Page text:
Southwest to test $99 fare to coast No-frills airline threatens to capture cross-country routes

'Scaring the big guys'

Yet jets are geared for jaunt with peanuts, not a 5-hour trip, plus meal

Airlines

October 25, 1998|By Robert Little | Robert Little,SUN STAFF

About 3:15 in the afternoon on Thanksgiving Day, one extra airplane will land at Baltimore-Washington International Airport -- just an ordinary Boeing 737, inbound from Oakland, Calif.

But all over the country, airline executives will be watching.

When Southwest Airlines Flight 735 touches down, it will be the first time in the scrappy Dallas carrier's 26-year history that it has flown an airplane full of people from one side of the country to the other without stopping.

While company officials call it just a "test flight," industry observers figure Southwest isn't testing for nothing.

The one-way fare for the flight is $99 -- the lowest transcontinental fare in the business. And if the airline with a reputation for driving fares downward starts scheduling regular nonstop, transcontinental flights, the passenger airline business could be in for a ride of its own.

"I'm sure it's scaring the dickens out of the big guys," said Tom Parsons, publisher of Best Fares magazine in Arlington, Texas.

"They can call it just a test, but this sounds like Southwest is telling the other airlines: 'You messed with our turf, now I'm messing with yours.' "

Southwest's turf has always been short flights between secondary airports. With its strategy of sacrificing frills in favor of cheaper fares, the airline has routinely beaten down the costs of commercial flights on every route it chooses to fly.

According to a study of domestic airline fares by the U.S. Department of Transportation, passengers flying from any city that Southwest serves pay an average of 31.2 percent less for each mile they fly -- translating to tickets that are $56 cheaper on average.

Besides being among the most-heralded success stories in commercial aviation, Southwest's philosophy is also among the most copied. United Airlines, Delta Air Lines and US Airways all have created frill-free, short-haul shuttle services in recent years designed to recapture the economy-class business that is Southwest's specialty

And Southwest's response has been to pursue more of the larger airlines' core service -- long flights.

In several instances it has scheduled nonstop flights to replace routes it flew in two or more steps. It will add nonstop flights between Baltimore and Phoenix later this year, for instance, and has added service between Nashville and Oakland, and Kansas City and Los Angeles. It's average passenger flew 619 miles during the quarter ended Sept. 30, more than 100 miles farther than the average four years ago.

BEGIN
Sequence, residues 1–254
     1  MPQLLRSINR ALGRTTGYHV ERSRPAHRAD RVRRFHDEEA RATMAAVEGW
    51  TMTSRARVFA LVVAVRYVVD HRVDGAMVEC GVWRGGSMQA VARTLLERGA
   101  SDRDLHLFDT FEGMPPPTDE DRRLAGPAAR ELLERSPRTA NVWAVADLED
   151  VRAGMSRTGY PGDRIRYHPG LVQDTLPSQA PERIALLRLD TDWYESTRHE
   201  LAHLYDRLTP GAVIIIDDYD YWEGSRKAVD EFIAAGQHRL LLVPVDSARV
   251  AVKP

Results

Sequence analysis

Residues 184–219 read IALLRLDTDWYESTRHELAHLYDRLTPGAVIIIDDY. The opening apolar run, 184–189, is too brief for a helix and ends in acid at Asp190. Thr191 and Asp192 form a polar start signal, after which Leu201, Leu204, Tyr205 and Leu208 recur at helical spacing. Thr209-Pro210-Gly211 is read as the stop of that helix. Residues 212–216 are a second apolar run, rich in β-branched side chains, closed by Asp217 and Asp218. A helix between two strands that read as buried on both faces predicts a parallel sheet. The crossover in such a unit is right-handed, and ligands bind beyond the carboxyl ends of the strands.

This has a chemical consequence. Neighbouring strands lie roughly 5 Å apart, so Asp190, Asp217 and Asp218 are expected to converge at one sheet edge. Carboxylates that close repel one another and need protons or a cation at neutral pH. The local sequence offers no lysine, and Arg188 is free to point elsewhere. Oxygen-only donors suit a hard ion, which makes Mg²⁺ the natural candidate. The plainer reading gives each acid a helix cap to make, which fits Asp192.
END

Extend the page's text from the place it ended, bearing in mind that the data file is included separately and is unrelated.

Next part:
Southwest began 26 years ago as a Texas commuter line and now serves 53 cities across the country. But it always left the nonstop, transcontinental business to the bigger airlines.

Airline officials say the company is staying true to its short-haul roots, the Thanksgiving schedule notwithstanding.

'One-time-only thing'

"This is a one-time-only thing, to find out what people think about the longer flight," said Kristie Kerr, a company spokeswoman. After Thanksgiving, Southwest "has no plans at this time" to fly coast-to-coast again, she said.

But to many industry observers, the Thanksgiving Day flights suggest Southwest has designs on that service, too.

"Their great skill has always been sort of running between the legs of the giants," said David Stempler, president of the Air Travelers Association in Washington. "But this looks like they're going straight at them."

The airline already offers promotional fares for round-trip, one-stop service to Oakland costing less than $300. Analysts have little problem predicting what will happen to the nonstop, transcontinental market if Southwest starts flying it regularly.

"I can answer that: It will mean lower fares," said Bob Zuskin, research director for GRA Aviation Specialists Inc., an airline consultant in Northern Virginia

Another motivator that could be pushing Southwest toward more lengthy nonstop flights: a federal tax passed last year that will eventually add $3 to passenger fares at each takeoff and landing.

Southwest fought the new tax, saying it gouged short-haul airlines. A company analysis shows that each $1 increase in fares leads to a 1 percent decrease in passengers, an airline spokeswoman said.

Until recently, Southwest Airlines was locked out of the nonstop transcontinental market by technology. It flies nothing but 737s -- a workhorse of the passenger airline business, but an airplane that typically lacks the fuel efficiency to fly coast-to-coast.

US Airways flies from BWI to the West Coast with 737s reconfigured for longer flights, and United Airlines flies the similarly modest Airbus 320, but such flights push the limits of the planes' capabilities.

With Southwest's fleet now complemented by the first of Boeing's 700-series 737s -- a slightly larger aircraft with increased range -- the airline has a more comfortable capacity to fly from ocean to ocean. Southwest has firm orders for 129 of the planes by 2006.

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